DALLAS -- Among other things, The Magic Flute is a comedy, and that element loomed very large in the Dallas Opera's production of Mozart's musical fantasy on opening night.
I have never heard as much loud and sustained laughter in an opera performance as that from the clearly captivated audience in the Winspear Opera House.
Part of that is due to the 220-year-old and yet timeless libretto by Emanuel Schikaneder. A large part of it was due Friday night to the Papageno of Patrick Carfizzi, a natural-born comedian. Other ingredients were supplied by director Matthew Lata, whose clever ideas were often original and always in the spirit of the piece.
One shouldn't neglect to mention the projected translations, which were fought by traditionalists years ago but are now an accepted device for keeping the audience connected to what is going on onstage. A quarter-century ago, there wouldn't have been nearly as many laughs.
Of course, The Magic Flute is very much about singing and instrumental music-making, and in that the Dallas Opera's production is in good shape. The cast was a little uneven, but there were no losers.
In addition to his gift for comedy, Carfizzi has a strong and attractive bass-baritone voice, and he supplied a significant part of the musical pleasures opening night.
Soprano Ava Pine's Pamina was a delight to the ear. Her moving performance of the aria Ach, ich fühl's -- one of Mozart's loveliest -- was one of the evening's high points.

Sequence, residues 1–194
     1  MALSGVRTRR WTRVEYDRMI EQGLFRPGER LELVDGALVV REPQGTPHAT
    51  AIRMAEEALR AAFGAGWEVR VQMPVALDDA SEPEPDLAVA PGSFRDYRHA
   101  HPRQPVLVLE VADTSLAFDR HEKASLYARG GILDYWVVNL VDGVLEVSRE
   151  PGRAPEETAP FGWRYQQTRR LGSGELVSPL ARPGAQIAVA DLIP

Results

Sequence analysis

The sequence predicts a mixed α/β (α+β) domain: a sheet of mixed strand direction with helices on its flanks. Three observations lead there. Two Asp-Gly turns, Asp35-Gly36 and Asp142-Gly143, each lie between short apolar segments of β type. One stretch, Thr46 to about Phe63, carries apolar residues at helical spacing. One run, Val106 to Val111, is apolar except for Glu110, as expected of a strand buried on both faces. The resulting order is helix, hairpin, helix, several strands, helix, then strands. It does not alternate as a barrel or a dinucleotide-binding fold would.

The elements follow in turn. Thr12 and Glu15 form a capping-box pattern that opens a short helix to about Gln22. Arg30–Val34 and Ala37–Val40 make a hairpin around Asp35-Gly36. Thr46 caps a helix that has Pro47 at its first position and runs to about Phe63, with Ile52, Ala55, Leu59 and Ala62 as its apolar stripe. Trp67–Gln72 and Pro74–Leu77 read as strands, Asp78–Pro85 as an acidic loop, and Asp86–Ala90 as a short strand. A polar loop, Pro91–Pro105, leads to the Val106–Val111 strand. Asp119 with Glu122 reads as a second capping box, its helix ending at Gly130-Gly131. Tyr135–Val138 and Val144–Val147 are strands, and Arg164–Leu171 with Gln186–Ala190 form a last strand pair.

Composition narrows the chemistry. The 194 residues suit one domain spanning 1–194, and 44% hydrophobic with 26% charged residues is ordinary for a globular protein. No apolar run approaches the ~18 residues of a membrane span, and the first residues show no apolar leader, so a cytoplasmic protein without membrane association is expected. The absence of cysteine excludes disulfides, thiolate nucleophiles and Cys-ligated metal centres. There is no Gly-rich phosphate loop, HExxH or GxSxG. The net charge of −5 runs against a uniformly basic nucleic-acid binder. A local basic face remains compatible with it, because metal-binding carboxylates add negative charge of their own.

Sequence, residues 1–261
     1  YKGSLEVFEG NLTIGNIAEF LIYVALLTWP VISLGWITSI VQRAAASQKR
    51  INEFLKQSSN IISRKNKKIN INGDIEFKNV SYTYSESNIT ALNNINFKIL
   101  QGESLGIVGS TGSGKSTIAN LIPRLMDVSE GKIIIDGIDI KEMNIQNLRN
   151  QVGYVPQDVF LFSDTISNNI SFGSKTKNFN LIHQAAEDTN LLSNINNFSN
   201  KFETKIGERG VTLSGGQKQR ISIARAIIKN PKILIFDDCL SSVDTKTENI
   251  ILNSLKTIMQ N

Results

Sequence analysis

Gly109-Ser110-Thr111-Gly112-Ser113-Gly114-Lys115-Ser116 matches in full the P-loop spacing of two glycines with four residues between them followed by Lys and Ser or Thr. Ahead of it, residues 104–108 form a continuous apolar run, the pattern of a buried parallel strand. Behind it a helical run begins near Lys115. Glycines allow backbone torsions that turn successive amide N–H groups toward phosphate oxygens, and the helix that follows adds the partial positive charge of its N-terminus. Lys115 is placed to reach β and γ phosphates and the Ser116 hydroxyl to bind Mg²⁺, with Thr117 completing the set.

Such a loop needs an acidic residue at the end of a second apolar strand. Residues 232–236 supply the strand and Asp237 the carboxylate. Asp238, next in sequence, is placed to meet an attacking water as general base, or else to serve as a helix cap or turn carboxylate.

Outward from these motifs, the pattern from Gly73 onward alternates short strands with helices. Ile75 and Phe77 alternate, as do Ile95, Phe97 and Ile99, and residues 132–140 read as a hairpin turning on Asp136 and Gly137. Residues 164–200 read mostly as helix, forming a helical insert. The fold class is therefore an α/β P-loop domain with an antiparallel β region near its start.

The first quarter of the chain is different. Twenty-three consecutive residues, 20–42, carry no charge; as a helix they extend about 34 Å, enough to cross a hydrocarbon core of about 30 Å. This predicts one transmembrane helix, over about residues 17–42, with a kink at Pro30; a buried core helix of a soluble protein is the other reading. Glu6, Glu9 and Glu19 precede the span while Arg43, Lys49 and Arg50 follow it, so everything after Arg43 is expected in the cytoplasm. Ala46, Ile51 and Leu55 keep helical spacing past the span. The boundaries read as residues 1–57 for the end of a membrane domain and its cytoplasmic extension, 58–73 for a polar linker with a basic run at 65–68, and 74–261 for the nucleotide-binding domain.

Shawn Mathey displayed a pleasant lyric tenor voice as Tamino, though the character seemed a little bland in contrast to that of the spirited Papageno -- a hazard inherent in the role.
In a certain sense, the other two principals, bass Raymond Aceto as Sarastro and soprano L'ubica Vargicová as the Queen of the Night, made similar impressions in their very different roles. Each could handle the extremes -- the Queen of the Night very high, Sarastro very low -- but they seemed a little cautious.
The rest of the cast supported ably. Among them were David Cangelosi (Monostatos); Angela Mannino (Papagena); Caitlin Lynch, Lauren McNeese and Maya Lahyani (the Three Ladies); and Kevin Langan (the Speaker).
Conductor Graeme Jenkins led a spirited and considerate-of-the-singers performance by an orchestra that was in fine form. There was one awkward episode in which the Three Genii and the orchestra went out of sync, but that may have been due to placement (the Genii were far back on the stage) and interference with line of sight.
Jörg Zimmermann's fantastical sets, Renate Kalanke's costumes and the enhancement of Duane Schuler's lighting did much to set the magical atmosphere of the production. The pyramid references were traditional, but the rest of the imagined world was not. The production, owned by the Lyric Opera of Chicago, seems to be making the rounds, like Carl Toms' once ubiquitous Peter Grimes.
Lata's stage direction, which had a lot of children onstage, was full of clever tricks, even bringing the text projection into the act once (Papageno looks up to check it out). Purists shouldn't get too huffy about this sort of thing; at the premiere in 1791, Mozart himself played some tricks on the glockenspiel, luring Papageno into some ad-libbed comedy.